Tennesse's 10th largest city. Located in Sumner county, bordering Nashville to the SouthWest and 26 miles of Old Hickory lake (Cumberland river) on the South.

It is the home of several music stars, among them Johnny Cash and William Lee Golden of the Oak Ridge Boys. Formerly home to Roy Orbison.

There are 4 marinas on the lake as well as several parks including one at the Old Hickory Lock, Dam & Hydrogeneration.

To the North you will find a rolling to hilly landscape with long country roads that are great for biking or just a nice drive.

Hendersonville, Tennessee
Population: 40,620 (2000 Census)
Area: 32 square miles
Lat: 36.3152 Lon: -86.6079
Zipcode: 37075
Areacode: 615 - Exchanges: 264, 822, 824

A short historical timeline of the city:

1771  Thomas Spencer built cabins in Hendersonville
1790  William Henderson settled in area
           Henderson was Revolutionary War hero
           City named after him
           Andrew Jackson purchased one of first lots in new city
1792  Bradford-Berry house built
1794  Indian ward ended
1798  Rock Castle completed by Daniel Smith
           Smith began work as surveyor 1770
           Married Sarah Michie 1773
           Rock Castle first rock house built in Tennessee
1798  Beech Cumberland Presbyterian Church organized by Thomas Craighead
           Log church built 1813
           Stone building erected by William Montgomery 1828
1800  Road from Nashville to Gallatin completed
1801  William Henderson became first postmaster
1824  First United Methodist Church built
1859  L&N Railroad opened Nashville-Bowling Green route through Hendersonville
1866  Hendersonville population was 36
1885  Hendersonville had four stores and some churches
1951  Work began on Old Hickory Dam as part of the Tennessee Valley Authority's expanding project to provide electrical power to the greater mid-south United States.
           Old Hickory Lake has 26 miles of shoreline in Hendersonville
           Dam completed June 1954
1963  In keeping with President Eisenhower's Sister-City Program, Tsuru, Japan became Hendersonville’s "Sister City"
1968  Hendersonville incorporated and recognized as a sovereign municipality.

Square Miles: 34
Miles of city streets: 310 (as of 1990- considerable amounts of construction have been done since then)

1980  18,000
1990  32,000
2000  40,000 (est.)

Elevation: 846 feet above sea-level

Sister Cities within the US: Hendersonville, NC and Hendersonville, PA.

I first moved to Hendersonville in 1980, when I was seven years old. At that time, the town, despite its 17,000+ population, was mostly farmland and fairly small. Point in fact, the city wasn't even shown on some of the maps in those days. But as time went on, that would change. Hendersonville seemed destined to grow quickly while I lived there. In the short span of just ten years I saw strip-malls, department stores and brand new high schools practically erupt within the city's limits. With all the new additions to the city's landscape came, also, more people. The population, which had at first seemed quaint by comparison to San Diego (which is where I had moved from), almost literally doubled in those first ten years, seemingly right in front of my eyes.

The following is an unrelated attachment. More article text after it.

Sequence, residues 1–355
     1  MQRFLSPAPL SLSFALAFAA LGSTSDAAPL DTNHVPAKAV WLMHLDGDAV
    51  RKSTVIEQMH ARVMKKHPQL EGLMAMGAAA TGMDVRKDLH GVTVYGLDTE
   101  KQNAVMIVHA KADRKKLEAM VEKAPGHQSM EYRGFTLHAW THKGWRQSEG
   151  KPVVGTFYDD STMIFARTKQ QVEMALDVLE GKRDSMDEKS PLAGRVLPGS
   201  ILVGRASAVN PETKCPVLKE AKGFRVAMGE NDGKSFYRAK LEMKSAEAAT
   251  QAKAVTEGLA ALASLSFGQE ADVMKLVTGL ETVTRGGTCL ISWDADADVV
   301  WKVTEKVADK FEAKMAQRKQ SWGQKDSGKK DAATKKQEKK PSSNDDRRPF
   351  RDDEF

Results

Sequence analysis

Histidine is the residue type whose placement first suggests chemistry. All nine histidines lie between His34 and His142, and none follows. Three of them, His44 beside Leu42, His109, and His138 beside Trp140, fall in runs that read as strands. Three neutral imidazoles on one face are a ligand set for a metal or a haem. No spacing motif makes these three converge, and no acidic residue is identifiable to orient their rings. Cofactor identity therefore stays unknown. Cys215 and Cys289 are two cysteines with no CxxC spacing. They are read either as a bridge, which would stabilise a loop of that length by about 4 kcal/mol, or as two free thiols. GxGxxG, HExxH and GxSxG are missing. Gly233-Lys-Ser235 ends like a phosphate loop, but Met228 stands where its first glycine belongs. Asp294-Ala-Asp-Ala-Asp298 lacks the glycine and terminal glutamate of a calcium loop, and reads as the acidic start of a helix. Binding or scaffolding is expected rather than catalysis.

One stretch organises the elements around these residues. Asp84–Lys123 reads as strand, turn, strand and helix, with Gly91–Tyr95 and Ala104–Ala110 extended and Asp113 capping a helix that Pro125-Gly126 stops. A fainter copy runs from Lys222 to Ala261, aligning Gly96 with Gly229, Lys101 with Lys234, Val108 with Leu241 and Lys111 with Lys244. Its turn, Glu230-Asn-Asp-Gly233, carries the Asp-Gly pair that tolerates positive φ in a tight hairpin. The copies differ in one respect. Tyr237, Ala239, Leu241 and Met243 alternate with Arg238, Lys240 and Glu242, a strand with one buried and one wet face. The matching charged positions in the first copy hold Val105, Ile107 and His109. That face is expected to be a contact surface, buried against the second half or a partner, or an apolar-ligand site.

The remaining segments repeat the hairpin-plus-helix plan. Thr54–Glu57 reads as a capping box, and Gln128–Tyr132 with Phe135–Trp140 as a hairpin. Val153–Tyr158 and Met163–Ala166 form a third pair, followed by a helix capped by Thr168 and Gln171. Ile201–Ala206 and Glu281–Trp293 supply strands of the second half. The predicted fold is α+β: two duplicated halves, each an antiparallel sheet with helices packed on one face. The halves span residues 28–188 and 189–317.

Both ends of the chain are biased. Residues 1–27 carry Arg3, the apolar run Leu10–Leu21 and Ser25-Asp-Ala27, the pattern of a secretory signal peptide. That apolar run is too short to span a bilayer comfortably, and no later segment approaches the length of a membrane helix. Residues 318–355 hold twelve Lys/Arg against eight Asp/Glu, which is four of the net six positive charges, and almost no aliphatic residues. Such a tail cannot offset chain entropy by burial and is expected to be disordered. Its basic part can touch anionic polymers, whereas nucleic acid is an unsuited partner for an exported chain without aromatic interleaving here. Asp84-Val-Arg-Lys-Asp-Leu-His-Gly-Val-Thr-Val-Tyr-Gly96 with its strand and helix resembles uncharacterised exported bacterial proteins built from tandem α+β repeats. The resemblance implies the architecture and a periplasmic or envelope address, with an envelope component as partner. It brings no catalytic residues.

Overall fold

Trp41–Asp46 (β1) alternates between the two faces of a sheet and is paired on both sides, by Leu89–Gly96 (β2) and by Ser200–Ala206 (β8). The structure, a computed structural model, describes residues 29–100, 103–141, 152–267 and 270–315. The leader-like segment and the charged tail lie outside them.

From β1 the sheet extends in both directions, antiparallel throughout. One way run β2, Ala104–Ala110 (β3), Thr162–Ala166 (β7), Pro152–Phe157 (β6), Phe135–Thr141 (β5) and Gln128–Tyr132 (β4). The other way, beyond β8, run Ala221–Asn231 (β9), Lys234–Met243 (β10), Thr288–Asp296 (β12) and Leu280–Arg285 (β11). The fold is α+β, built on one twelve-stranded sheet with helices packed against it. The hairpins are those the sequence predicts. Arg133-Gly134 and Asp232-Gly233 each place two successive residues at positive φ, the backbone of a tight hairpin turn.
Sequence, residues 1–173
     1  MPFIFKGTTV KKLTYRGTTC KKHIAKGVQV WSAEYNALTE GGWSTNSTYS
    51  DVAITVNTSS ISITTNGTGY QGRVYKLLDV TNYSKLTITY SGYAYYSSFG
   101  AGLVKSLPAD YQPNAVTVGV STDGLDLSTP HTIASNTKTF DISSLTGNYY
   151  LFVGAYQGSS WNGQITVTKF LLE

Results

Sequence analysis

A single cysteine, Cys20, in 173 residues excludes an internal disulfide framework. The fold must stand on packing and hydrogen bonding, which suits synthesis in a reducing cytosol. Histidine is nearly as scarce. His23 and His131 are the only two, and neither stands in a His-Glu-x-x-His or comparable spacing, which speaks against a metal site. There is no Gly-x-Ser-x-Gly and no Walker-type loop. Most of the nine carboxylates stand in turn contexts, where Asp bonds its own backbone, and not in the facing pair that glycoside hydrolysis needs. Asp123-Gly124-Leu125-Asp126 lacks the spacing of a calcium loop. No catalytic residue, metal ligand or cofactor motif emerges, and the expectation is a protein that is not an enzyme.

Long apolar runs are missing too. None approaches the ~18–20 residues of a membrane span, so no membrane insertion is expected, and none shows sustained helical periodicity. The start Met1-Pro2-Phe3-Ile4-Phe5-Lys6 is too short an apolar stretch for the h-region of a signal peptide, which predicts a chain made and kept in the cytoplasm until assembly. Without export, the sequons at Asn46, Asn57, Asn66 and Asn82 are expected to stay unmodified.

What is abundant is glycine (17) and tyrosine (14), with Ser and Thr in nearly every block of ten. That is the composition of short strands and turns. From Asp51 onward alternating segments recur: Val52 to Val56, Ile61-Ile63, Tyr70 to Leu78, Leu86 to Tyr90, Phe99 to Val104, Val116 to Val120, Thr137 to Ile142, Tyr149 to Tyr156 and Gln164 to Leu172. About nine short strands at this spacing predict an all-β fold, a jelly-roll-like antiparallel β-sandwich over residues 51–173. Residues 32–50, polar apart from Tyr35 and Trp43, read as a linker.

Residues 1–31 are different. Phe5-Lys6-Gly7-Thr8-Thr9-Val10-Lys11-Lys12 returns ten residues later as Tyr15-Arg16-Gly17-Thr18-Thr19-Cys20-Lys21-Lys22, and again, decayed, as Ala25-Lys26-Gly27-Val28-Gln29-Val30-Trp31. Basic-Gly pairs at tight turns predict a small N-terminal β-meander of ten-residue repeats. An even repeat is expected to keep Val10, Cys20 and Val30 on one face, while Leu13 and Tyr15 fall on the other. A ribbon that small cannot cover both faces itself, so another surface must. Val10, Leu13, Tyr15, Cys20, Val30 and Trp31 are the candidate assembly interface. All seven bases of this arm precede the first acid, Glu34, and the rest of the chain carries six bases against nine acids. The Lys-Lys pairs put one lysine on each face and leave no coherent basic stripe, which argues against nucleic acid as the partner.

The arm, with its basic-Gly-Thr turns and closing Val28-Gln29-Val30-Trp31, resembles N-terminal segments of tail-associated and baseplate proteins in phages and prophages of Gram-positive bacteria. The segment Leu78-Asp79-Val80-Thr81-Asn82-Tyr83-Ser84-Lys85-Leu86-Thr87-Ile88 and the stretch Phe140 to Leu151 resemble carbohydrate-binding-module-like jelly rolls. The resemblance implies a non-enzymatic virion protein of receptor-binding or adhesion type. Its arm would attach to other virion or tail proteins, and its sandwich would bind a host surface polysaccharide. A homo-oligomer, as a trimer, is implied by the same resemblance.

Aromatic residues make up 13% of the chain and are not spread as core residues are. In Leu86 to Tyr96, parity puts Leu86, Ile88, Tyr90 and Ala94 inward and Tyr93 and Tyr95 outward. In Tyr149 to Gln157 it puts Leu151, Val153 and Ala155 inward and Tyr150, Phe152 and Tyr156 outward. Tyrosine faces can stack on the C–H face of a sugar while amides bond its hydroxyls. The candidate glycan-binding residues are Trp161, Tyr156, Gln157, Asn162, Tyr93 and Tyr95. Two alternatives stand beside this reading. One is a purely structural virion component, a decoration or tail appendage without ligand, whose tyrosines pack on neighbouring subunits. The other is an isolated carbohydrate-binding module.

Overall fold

Whole new living communities popped up out of nowhere and new faces flooded every nook and cranny of the town. The police force grew and commerce sky-rocketed. What had once been a sleepy Tennessee town was quickly becoming a hard-and-fast suburb of Nashville, which is some thirty or forty miles away. Hendersonville, in true pioneering and intrepid fashion, took on the challenge of the unexpected population boom and continues, to this very day, to expand and grow by leaps and bounds.

I lived in that city for the majority of my life and have seen it change drastically over the years. It's a little strange to drive by some places and remember, clearly, that I used to ride my dirt bike through the land those buildings now sit on, racing through trees and animal trails on my Huffy. Stranger still is when I drive through the town, after having been gone for a few months, and find that a building or business which had been there since my childhood has not only been closed, but replaced by something completely different or even grazed to the ground. Despite all of the changes, though, this city has still managed to somehow retain its small-town mentality and atmosphere. People are still as friendly as they ever were and there is a very palpable sense of innocence which continues to linger in its rolling hills.

Old Hickory Lake and Drakes Creek Park offer families some quiet and expansive acreage in which children can play in a relatively care-free area. Boating, fishing, skiing and even hunting are widely practiced year-round, weather permitting. One of the most refreshing things about this city is the greenery it offers. Trees everywhere. Grass, flowers of all types and proud oak trees litter the entire city and continue to thrive, for they are considered to be part of the town's charm and natural treasures. Plenty of shade down every street to ride a bike or simply sit down beneath a tree with an apple in your palm, your legs kicked back and idle fancies of floating down the Cumberland River, like some sort of modern-day Huckleberry Finn, floating through your mind as dogs bark in the distance and lawn mowers consume grass by the metric ton.

It's an idyllic and sleepy little town which is slowly, steadily, growing into maturity as a full-fledged city. I may have been born in West Hollywood, but Hendersonville, Tennessee will always be my home town.

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